For the last 18 months, presidential primaries, campaigns, debates, the election, and finally the inauguration dominated the news. This is why I posted my last blog that included a prayer focused on the presidency and our government. Now, let’s turn to an equally important topic: “We the people.”
Whenever “we the people” ask our government to do too much, we get into trouble. For example, “we the people” asked the government for affordable healthcare for all Americans. Initially, this sounded good, but in the end U.S. citizens were not allowed to retain their personal doctors, and rather than the Affordable Health Care Act costing $2,000 less per family per year as promised, it costs $2,000 more.
“We the people” asked the government to take care of the poor, and now about half of the country is receiving some form of government assistance. “We the people” asked the government to take care of unwed mothers, and now unwed mothers are having more babies to receive more government assistance.
If “free” college becomes law, I shudder to think who will pay for it and what will be the long-term implications of such a policy. Wait a second! I do know who will pay for “free” college for students who won’t need to save a penny toward their own education—“we the people”! All of us with a job will pay Uncle Sam, and we will pay dearly.
With each incremental step, when “we the people” hand the government more control—and with control comes power—hoping for a perceived benefit in return, we lose another aspect of our individual freedoms. Ben Franklin understood this when he said, “Anyone who gives up a little freedom for a little security, deserves neither and will lose both.” In other words, it is only a matter of time until a small group at the top uses their power for oppressive purposes against the people.
To gain the freedoms that our nation has enjoyed, Franklin and our Founding Fathers had to declare war on the King of England, and an immense loss of life ensued. History shows that once “we the people” hand over control of a segment of society to the government, it is exceedingly difficult to get it back.
In order to maintain personal freedom, each citizen (or at least the overwhelming majority) must embrace personal responsibility. President John F. Kennedy understood this when he said, “Ask not what your country can do for you. Ask what you can do for your country.”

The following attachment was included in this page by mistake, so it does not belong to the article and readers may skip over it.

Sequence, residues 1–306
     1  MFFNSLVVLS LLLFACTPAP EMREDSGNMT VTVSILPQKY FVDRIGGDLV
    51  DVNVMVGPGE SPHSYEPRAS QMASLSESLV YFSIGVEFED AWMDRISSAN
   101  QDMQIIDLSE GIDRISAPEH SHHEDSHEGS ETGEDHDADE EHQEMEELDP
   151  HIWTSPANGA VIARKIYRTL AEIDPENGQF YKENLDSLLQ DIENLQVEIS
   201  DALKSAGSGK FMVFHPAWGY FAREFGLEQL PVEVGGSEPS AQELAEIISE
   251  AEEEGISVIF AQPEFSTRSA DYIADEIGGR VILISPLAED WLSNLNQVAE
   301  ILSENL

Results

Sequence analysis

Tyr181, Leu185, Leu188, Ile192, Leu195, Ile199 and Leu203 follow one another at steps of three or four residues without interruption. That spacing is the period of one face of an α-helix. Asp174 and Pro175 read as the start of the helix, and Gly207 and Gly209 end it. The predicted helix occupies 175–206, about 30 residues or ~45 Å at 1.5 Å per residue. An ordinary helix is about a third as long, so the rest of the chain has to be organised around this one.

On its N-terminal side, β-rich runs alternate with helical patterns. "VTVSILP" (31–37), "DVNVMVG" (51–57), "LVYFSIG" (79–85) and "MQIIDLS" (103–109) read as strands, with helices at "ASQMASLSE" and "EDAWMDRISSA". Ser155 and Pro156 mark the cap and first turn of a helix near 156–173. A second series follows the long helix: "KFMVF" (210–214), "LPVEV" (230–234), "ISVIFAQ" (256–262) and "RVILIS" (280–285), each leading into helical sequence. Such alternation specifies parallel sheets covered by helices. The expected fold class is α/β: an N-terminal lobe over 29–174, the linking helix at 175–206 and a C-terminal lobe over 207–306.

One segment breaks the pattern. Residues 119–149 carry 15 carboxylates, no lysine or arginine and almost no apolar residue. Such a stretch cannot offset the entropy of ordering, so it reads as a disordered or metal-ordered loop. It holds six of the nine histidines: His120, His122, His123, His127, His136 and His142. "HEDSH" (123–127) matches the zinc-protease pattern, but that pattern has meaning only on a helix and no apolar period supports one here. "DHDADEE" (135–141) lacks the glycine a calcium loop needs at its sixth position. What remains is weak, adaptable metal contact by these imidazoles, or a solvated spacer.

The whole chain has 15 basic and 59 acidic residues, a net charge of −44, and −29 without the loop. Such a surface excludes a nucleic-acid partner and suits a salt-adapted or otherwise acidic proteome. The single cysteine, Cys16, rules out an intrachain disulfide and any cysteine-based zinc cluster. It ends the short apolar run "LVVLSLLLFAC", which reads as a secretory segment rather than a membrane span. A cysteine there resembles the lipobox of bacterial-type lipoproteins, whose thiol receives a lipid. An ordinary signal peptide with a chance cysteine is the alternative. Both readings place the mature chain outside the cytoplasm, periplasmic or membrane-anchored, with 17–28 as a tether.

In a 2016 speech, Supreme Court Justice Clarence Thomas described that while there is much talk today about freedom and liberty, there is little discussion about personal responsibility. Using his own upbringing as an example, which included learning that decisions have consequences, Thomas went on to explain that liberty and personal responsibility are inextricably linked.
But even more importantly than Franklin, Kennedy, and Thomas, the Bible teaches that personal responsibility is foundational to life, family, and culture. The Apostle Paul said, “If anyone is not willing to work, then he shall not eat,” and “[I]f anyone does not provide for his own, and especially for those of his household, he has denied the faith and is worse than an unbeliever” (2 Thess. 3:10, 1 Tim. 5:8, NASB).
In summary, the Bible does not direct us to government handouts, nor to being a burden to others, but teaches us to live responsibly.
As God shows you His ways and intervenes on your behalf (yes this approach to life does take faith!), you will see God meet your needs and will likely have enough to help others in need. In other words, rather than a system that forces the redistribution of wealth, God calls Christians to take personal responsibility for their lives and, by freely choosing to do so, help those in need.
Too often we complain about what is taking place in Washington D.C. when the solution largely resides among “we the people”! What a healthy and revolutionary idea—and it’s from the Bible.
Heavenly Father, too often “we the people” have depended on government to take care of us rather than You. Right now, I turn from this mindset and, with Your help, I take responsibility for my own life and look to You to supply what I need. As You show me Your ways and provide for me, I also purpose to help others in need. If things are not going the way I prefer, I choose not to blame the government, an ethnic group, nor a class of people. Also, give me the grace to help others take responsibility for their lives. Show me what steps to take and make me the kind of person You want me to be. Amen.